Among participants with diabetes, the leading cause of death was cardiovascular disease (31% of deaths), whereas among participants without diabetes, the leading cause of death was malignant neoplasms (27% of deaths).
After adjustment for age, sex, race, or ethnicity, and risk factors such as cardiovascular disease, peripheral neuropathy was significantly associated with all-cause mortality (hazard ratio [HR], 1.49) and cardiovascular mortality (HR, 1.66) in participants with diabetes. In participants without diabetes, peripheral neuropathy was significantly associated with all-cause mortality (HR, 1.31), but its association with cardiovascular mortality was not statistically significant.
The association between peripheral neuropathy and all-cause mortality persisted in a sensitivity analysis that focused on adults with normoglycemia.
The study confirms findings from prior studies that examined the prevalence of loss of peripheral sensation in populations of older adults with and without diabetes, said Elsa S. Strotmeyer, PhD, MPH, associate professor of epidemiology at the University of Pittsburgh, Pittsburgh, Pennsylvania. “The clinical significance of the loss of peripheral sensation in older adults without diabetes is not fully appreciated,” she said.
A limitation of the study is that peripheral neuropathy was not a clinical diagnosis. “Monofilament testing at the foot is a quick clinical screen for decreased lower-extremity sensation that likely is a result of sensory peripheral nerve decline,” Strotmeyer said.
Another limitation is that death certificates are less accurate than medical records for determining cause of death.
“Past studies have indicated that peripheral nerve decline is related to common conditions in aging such as the metabolic syndrome and cardiovascular disease, cancer treatment, and physical function loss,” Strotmeyer said. “Therefore it is not surprising that is related to mortality as these conditions in aging are associated with increased mortality. Loss of peripheral sensation at the foot may also be related to fall injuries, and mortality from fall injuries has increased dramatically in older adults over the past several decades.”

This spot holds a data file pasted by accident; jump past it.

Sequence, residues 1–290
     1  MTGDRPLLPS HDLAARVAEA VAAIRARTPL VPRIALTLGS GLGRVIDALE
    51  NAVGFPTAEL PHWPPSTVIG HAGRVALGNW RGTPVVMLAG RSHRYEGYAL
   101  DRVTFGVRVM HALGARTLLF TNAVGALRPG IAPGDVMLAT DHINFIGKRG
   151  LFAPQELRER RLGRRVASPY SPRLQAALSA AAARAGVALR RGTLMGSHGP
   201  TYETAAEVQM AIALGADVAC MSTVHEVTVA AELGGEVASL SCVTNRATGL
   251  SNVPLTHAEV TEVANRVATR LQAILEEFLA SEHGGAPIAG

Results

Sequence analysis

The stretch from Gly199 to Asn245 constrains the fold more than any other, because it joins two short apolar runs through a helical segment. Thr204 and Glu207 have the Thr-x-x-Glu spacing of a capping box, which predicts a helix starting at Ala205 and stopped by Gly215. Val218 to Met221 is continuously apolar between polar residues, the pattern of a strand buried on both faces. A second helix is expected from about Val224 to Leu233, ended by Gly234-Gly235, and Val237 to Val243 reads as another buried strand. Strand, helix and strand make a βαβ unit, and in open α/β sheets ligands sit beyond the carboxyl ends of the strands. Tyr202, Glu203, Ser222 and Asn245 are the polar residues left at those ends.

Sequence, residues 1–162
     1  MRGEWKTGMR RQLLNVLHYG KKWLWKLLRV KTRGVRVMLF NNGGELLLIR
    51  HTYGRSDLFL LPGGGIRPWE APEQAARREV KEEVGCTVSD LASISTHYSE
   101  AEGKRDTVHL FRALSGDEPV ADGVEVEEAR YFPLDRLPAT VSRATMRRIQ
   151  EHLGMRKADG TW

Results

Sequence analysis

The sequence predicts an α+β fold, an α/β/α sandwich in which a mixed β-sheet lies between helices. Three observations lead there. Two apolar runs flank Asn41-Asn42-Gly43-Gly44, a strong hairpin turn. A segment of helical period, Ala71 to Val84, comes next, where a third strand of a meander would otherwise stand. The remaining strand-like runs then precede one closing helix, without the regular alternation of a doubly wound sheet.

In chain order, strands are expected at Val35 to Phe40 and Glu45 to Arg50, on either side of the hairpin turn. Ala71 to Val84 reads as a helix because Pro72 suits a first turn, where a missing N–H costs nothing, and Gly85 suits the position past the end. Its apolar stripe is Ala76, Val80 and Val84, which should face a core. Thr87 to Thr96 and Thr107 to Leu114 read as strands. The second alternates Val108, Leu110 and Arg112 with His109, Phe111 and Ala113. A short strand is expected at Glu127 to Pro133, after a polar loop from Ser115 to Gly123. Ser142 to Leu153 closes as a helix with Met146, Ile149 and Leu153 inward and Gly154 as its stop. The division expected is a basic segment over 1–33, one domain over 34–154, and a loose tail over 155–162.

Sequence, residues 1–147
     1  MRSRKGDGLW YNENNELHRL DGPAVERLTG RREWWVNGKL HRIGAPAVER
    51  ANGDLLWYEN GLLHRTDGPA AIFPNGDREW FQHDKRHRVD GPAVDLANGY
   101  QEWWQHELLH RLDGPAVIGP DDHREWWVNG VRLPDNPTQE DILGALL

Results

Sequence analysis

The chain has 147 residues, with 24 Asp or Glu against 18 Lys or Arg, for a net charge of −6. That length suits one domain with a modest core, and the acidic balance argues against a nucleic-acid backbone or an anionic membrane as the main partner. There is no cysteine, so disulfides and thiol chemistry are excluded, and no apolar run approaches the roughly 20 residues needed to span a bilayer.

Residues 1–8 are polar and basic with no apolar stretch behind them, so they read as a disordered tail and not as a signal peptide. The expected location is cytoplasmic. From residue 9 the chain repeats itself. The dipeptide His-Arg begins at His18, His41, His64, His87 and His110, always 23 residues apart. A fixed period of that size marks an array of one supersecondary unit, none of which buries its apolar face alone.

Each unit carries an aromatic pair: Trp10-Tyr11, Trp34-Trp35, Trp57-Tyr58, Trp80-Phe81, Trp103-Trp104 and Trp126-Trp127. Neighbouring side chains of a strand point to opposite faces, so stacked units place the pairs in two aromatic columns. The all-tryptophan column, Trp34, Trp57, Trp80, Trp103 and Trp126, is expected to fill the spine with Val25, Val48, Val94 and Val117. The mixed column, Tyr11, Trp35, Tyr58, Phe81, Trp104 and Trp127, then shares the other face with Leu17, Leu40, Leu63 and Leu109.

Prior research has suggested that monofilament testing may play a role in screening for fall risk in older adults without diabetes, Strotmeyer added.
“For older adults both with and without diabetes, past studies have recommended monofilament testing be incorporated in geriatric screening for fall risk. Therefore, this article expands implications of clinical importance to understanding the pathology and consequences of loss of sensation at the foot in older patients,” she said.
The study was funded by the National Institute of Diabetes and Digestive and Kidney Diseases and the National Heart, Lung, and Blood Institute. Hicks, Selvin, and a coauthor, Kunihiro Matsushita, MD, PhD, disclosed NIH grants. In addition, Selvin disclosed personal fees from Novo Nordisk and grants from the Foundation for the National Institutes of Health outside the submitted work, and Matsushita disclosed grants and personal fees from Fukuda Denshi outside the submitted work. Strotmeyer receives funding from the National Institute on Aging and the National Institute of Arthritis and Musculoskeletal and Skin Diseases and is chair of the health sciences section of the Gerontological Society of America.
Ann Intern Med. Published online December 7, 2020. Abstract
Jake Remaly is a staff journalist at Medscape Medical News and MDedge. He has covered healthcare and medicine for more than 5 years. He can be reached at [email protected]